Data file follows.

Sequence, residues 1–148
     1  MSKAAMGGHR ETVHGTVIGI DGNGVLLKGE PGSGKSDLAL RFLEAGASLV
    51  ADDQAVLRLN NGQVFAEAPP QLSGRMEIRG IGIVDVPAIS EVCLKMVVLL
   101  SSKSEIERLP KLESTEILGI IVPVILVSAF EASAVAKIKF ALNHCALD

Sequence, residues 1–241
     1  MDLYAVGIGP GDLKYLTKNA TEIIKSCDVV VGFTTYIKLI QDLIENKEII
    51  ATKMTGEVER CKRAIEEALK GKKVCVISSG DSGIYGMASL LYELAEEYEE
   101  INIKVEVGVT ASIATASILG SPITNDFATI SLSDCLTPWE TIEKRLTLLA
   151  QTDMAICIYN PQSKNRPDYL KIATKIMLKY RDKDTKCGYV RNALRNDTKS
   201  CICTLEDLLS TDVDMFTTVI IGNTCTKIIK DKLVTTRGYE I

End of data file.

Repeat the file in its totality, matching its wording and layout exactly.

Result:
Sequence, residues 1–148
     1  MSKAAMGGHR ETVHGTVIGI DGNGVLLKGE PGSGKSDLAL RFLEAGASLV
    51  ADDQAVLRLN NGQVFAEAPP QLSGRMEIRG IGIVDVPAIS EVCLKMVVLL
   101  SSKSEIERLP KLESTEILGI IVPVILVSAF EASAVAKIKF ALNHCALD

Sequence, residues 1–241
     1  MDLYAVGIGP GDLKYLTKNA TEIIKSCDVV VGFTTYIKLI QDLIENKEII
    51  ATKMTGEVER CKRAIEEALK GKKVCVISSG DSGIYGMASL LYELAEEYEE
   101  INIKVEVGVT ASIATASILG SPITNDFATI SLSDCLTPWE TIEKRLTLLA
   151  QTDMAICIYN PQSKNRPDYL KIATKIMLKY RDKDTKCGYV RNALRNDTKS
   201  CICTLEDLLS TDVDMFTTVI IGNTCTKIIK DKLVTTRGYE I